Today marks the celebration of Frank Sinatra’s 100th anniversary, and there’s been so much to celebrate this year. I myself have always been a big fan, and being one who mostly just loved his music, decided in recent years to find out more about the man and how his mind worked with the music. So I dedicate this post to him.
Looking back over 10 years ago when I was in college, I was a big advocate for modern classical music, and loved to play it on the flute, main primary instrument. It was my sophomore year when I decided that I wanted to try something more out of the box than what was going in my flute studio, so I decided to look into jazz. I started taking jazz lessons during the summer from the Grand Hotel music director Alex Graham, who very generously made time in his summer schedule to meet with me once a week and teach me the basics. Even though I was still wet behind the ears with improvising, I managed to convince him to let me play a one or two times with the jazz band in the Terrace Room at the Grand Hotel, and had a blast! My big numbers at the time were Spanish Eyes and Cheek to Cheek… once the summer ended, I found another teacher at college who would teach me during the school year, and who would also be a great person to play with, where I could put everything I was learning into practice.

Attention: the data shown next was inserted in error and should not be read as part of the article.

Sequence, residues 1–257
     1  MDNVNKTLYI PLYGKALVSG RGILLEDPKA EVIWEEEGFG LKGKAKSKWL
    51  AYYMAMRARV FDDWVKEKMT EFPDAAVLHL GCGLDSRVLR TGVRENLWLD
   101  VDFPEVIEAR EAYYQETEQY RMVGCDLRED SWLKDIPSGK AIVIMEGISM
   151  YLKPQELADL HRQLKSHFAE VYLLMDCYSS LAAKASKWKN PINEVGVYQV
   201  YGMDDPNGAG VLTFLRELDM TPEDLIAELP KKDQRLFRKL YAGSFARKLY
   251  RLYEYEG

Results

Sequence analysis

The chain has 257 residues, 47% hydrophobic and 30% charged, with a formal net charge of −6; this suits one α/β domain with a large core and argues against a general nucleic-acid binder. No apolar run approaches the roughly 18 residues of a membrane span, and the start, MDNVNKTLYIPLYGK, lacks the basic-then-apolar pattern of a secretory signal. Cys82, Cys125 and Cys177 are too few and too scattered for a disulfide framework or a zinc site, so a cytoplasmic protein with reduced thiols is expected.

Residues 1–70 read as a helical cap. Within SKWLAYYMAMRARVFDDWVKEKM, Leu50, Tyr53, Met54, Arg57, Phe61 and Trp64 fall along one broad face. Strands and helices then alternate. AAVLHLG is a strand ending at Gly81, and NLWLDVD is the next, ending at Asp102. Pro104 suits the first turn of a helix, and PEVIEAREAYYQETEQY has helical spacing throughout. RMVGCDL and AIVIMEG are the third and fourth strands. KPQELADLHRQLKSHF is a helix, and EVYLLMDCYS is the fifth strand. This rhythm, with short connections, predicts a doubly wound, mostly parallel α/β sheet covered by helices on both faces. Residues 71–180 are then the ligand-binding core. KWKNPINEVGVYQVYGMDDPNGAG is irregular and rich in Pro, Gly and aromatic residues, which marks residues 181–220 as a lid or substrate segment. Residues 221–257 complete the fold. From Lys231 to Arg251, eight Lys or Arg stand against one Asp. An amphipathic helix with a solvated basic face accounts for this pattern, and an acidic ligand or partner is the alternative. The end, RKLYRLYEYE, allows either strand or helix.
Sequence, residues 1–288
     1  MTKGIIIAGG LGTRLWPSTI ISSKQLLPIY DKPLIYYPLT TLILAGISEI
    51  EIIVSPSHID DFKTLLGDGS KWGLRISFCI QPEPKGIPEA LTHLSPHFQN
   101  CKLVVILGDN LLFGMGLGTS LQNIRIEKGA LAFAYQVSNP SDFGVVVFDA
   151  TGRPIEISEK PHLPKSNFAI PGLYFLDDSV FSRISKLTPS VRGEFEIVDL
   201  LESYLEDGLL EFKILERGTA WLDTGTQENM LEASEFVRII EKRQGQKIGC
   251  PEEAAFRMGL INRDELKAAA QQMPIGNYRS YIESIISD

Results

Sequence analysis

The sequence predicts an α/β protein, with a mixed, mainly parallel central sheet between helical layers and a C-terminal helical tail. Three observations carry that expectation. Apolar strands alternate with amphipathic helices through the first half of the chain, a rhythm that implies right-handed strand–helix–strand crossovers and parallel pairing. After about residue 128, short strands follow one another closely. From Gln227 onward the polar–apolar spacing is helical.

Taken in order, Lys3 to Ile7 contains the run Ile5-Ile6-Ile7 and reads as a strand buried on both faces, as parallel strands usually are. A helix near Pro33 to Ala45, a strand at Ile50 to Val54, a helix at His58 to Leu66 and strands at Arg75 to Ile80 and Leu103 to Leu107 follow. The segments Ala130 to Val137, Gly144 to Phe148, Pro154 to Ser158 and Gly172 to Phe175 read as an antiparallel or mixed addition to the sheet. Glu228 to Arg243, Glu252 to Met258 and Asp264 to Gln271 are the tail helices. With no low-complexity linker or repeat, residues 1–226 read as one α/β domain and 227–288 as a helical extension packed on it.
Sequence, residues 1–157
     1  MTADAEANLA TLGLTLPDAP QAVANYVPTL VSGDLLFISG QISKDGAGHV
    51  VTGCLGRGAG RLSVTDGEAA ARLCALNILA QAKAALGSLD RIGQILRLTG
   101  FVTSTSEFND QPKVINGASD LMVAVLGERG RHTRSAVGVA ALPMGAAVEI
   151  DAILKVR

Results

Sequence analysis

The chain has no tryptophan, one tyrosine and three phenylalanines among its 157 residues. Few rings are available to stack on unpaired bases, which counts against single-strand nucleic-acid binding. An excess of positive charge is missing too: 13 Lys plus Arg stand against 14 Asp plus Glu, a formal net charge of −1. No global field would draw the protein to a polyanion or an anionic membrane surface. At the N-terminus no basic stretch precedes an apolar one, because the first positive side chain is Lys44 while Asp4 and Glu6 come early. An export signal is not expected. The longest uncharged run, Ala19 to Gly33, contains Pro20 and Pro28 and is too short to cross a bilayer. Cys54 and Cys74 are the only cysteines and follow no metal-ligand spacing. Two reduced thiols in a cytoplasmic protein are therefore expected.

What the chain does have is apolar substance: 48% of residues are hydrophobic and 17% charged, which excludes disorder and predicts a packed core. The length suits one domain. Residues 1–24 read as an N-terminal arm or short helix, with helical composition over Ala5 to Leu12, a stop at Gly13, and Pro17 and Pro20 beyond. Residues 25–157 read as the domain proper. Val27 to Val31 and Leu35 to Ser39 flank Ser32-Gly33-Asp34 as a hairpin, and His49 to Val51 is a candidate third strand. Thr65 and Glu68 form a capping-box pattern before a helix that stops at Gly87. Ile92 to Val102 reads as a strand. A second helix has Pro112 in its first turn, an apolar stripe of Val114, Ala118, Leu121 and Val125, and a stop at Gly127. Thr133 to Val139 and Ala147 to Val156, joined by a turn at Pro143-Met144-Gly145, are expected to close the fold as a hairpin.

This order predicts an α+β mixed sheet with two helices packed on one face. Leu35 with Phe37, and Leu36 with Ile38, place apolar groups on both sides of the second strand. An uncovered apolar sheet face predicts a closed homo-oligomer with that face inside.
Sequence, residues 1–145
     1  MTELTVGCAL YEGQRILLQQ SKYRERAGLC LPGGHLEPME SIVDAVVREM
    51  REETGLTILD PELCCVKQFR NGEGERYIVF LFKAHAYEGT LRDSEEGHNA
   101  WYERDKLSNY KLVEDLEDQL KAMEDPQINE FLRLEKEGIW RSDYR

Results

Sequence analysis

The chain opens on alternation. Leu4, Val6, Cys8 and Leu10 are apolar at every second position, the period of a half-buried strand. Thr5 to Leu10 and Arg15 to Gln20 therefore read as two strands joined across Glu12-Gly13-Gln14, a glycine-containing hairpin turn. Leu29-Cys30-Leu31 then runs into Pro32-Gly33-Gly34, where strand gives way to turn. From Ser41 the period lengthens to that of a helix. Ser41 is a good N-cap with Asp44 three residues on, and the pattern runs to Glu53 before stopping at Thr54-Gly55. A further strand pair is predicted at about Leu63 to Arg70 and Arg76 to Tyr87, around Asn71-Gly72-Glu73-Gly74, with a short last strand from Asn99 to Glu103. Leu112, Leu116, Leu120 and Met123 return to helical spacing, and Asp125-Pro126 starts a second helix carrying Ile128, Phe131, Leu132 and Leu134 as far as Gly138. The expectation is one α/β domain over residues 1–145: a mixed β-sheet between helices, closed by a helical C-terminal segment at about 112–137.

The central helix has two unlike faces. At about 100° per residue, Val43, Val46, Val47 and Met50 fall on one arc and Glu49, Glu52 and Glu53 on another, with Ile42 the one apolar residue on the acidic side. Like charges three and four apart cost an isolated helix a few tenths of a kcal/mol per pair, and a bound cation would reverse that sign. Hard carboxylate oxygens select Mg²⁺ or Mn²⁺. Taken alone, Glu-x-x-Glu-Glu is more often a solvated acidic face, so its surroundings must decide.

Both teachers encouraged me to listen to all kinds of jazz musicians out there, not just jazz flute, and I did. But I still listened to a lot of jazz flute! I was never a huge fan of 70’s jazz flute, though, and I’m sure you’re all familiar with Ron Burgundy’s famous flute solo in Anchorman… that was NOT what I was going for! I was actually pretty interested in the simple solos of earlier jazz and blues, and although, looking back, I probably understood it more than I preferred it over other eras of jazz, over the years I’ve grown to love 30s, 40s and 50s jazz more than anything else. It wasn’t until I heard Songs for Swingin’ Lovers, an album by Frank Sinatra, that I started to get a better feeling for how I could relate myself to jazz music.
That particular album has a lot of jazz flute… but it’s simple, subtle, and sticks in your head, all at the same time, humming the tunes long after you’re done listening to the recordings. That was the kind of jazz I wanted to play. After reading Frank Sinatra: The Voice, I learned that Nelson Riddle, who arranged the music for that album, was (or would become) known for his use of flute in his arrangements.
That Riddle was a good, good man, in my opinion.
In more recent years, Sinatra’s voice has been more of a comfort for me and I keep it high up on my playlists. It’s this kind of music that helps me wind down at the end of the day, and his voice that is easily relaxing to the ear, and after my first year teaching on the island, I would always listen to his music after school got out while I was cleaning up from my last class. Eventually I found out that my students thought that the only thing I listened to was Frank Sinatra! Not that there’s anything wrong with that… but in an effort to relate to the students better, I added some other musicians into my after-school playlist too.
So in honor of Frank Sinatra… and also Nelson Riddle…and to all things jazz flute… I end this post with one of my favorites from Songs for Swingin’ Lovers, I Thought About You.